Do you cringe every time someone says "hoverboard" and mutter under your breath, "Actually, it's a self-balancing scooter"? Do you believe that Elon Musk is our lord and savior sent to this earth to make our commutes faster, cleaner, and infinitely more terrifying? Do you have $10,000 burning a hole in your pocket? Then do I have the product for you.
Arx Pax, the Silicon Valley company behind the Hendo Hoverboard, just announced that its HE3.0 hover engines are now available to be purchased as a pair for the low price of $9,999. That price might be suspiciously low, though, because according to the manufacturer, this is an engine that can make anything from a heavy box in a warehouse to (eventually) an entire building in an earthquake-prone neighborhood hover a few millimeters above a surface. So forgive me, but 10 grand seems pretty cheap when it comes to preventing future earthquake fatalities or jamming through Hill Valley with the McFlys.
Maybe that's because, aside from the few lucky idiots (myself included) who got to "ride" the Hendo hoverboard, most people have never seen Arx Pax's technology in action. (To be clear, you don't really ride the Hendo, you just drift aimlessly across a copper-plated surface while someone from Arx Pax gently pushes you back and forth.) The company's CEO, Greg Henderson, much like his Silicon Valley peers, is very good at making bold proclamations about his product's societal benefits — but it's probably too soon to tell whether the HE3.0 will live up to that promise.
"This is the most efficient way to separate an object from the earth," Henderson told me yesterday. "When you have something that actually hovers, it sells itself."
Along with the hover engine, Arx Pax is also selling something called the Magnetic Field Architecture Bundle, which includes hover engines, mounting brackets, servos, and a system controller for $1,589. Together, these products can be used in a variety of fields, Arx Pax says, including "entertainment, industrial automation, [and] transportation or seismic isolation." Two private companies, Ball Aerospace and Pampa Technologies, have already placed orders, joining SpaceX and others that have purchased beta versions of the technology.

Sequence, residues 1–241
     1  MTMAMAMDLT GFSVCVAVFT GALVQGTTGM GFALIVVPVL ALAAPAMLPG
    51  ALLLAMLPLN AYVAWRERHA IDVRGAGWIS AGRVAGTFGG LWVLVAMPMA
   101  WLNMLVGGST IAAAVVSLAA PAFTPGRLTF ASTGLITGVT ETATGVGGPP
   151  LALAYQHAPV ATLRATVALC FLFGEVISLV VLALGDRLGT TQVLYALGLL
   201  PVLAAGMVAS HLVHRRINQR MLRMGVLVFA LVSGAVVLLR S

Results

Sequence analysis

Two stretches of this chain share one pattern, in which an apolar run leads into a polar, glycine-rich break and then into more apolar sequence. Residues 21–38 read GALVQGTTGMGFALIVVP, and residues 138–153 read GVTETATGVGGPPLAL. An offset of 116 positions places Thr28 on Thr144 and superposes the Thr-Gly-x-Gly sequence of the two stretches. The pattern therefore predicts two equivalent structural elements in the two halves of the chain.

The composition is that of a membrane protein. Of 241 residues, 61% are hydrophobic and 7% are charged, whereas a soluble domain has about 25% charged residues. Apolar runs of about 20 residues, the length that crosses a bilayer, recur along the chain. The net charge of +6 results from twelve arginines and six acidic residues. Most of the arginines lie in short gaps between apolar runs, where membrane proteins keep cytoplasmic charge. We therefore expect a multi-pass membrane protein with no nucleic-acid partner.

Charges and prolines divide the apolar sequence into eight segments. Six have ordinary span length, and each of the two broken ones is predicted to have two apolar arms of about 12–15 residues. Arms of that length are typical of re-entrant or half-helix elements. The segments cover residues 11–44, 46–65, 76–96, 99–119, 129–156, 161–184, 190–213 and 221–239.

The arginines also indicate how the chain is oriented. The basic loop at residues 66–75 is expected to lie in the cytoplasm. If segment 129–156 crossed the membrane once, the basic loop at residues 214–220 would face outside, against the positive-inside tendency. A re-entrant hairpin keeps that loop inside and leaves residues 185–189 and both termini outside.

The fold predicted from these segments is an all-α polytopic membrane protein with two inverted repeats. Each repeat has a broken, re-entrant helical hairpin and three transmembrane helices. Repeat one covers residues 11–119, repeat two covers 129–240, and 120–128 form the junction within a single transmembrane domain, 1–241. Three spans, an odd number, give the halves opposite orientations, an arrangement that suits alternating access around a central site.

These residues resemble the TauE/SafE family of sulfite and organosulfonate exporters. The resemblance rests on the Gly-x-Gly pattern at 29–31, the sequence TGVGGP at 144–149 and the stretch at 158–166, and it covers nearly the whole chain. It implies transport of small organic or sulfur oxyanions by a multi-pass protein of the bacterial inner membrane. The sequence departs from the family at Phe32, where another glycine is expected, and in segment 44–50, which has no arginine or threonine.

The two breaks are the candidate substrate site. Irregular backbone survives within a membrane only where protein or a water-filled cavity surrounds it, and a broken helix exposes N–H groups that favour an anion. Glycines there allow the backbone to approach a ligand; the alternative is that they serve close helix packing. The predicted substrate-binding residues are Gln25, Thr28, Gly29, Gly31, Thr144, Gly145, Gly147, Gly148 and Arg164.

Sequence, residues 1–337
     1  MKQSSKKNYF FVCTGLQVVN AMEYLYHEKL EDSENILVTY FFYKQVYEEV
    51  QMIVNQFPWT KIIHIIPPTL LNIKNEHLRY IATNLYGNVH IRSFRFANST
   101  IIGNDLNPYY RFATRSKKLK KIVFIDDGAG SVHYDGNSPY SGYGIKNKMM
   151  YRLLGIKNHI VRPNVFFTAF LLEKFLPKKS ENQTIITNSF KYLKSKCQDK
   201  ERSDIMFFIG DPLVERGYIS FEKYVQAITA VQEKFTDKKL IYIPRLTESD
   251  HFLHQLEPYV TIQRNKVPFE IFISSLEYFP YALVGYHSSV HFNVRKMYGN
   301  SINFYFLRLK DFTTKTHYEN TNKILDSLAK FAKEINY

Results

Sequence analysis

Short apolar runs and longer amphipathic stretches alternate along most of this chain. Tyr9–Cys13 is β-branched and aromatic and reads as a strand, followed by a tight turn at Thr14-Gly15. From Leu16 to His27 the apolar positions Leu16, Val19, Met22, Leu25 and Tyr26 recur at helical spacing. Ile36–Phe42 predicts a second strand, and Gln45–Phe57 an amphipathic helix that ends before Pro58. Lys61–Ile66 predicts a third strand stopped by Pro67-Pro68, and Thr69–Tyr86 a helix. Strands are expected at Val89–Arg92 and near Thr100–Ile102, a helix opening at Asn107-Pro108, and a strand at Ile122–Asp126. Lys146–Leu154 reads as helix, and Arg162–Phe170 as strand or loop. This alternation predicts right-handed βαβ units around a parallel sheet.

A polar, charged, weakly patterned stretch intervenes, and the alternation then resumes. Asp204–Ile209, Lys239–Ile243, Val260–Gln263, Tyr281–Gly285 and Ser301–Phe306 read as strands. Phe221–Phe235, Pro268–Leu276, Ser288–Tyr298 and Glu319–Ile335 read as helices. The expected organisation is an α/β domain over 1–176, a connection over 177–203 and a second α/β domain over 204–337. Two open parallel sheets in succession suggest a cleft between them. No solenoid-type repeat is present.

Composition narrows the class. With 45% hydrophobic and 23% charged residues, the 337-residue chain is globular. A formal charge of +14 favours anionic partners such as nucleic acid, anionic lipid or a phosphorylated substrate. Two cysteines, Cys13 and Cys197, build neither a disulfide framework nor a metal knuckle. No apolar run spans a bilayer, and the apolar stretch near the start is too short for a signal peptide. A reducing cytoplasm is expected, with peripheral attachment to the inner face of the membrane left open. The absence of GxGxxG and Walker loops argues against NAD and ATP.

The Hyperloop — the Musk-envisioned, tube-based transportation system — is another emerging industry where Arx Pax hopes to sell its engines. Henderson said he has provided hover engines to several of the participants in this summer's SpaceX-sponsored Hyperloop pod competition, including rLoop, the team that formed on Reddit. "Our hover engines provide an incredible suite of capabilities," Henderson said. "And they are the only thing that come with their own form of propulsion and braking."
The hope is to convince Hyperloop engineers, especially those employed by the two LA-based startups that are actively building their own prototypes — Hyperloop One and Hyperloop Transportation Technologies — to see the benefits of Arx Pax's hover engines, Henderson said. But that has yet to happen.
"What's curious is that with all the money they have, what they've been able to demonstrate so far is a linear induction system," Henderson said, referring to Hyperloop One's recent public, open-air test of its propulsion system in the Nevada dessert. "When it comes to really showing something that hovers, they have yet to do that."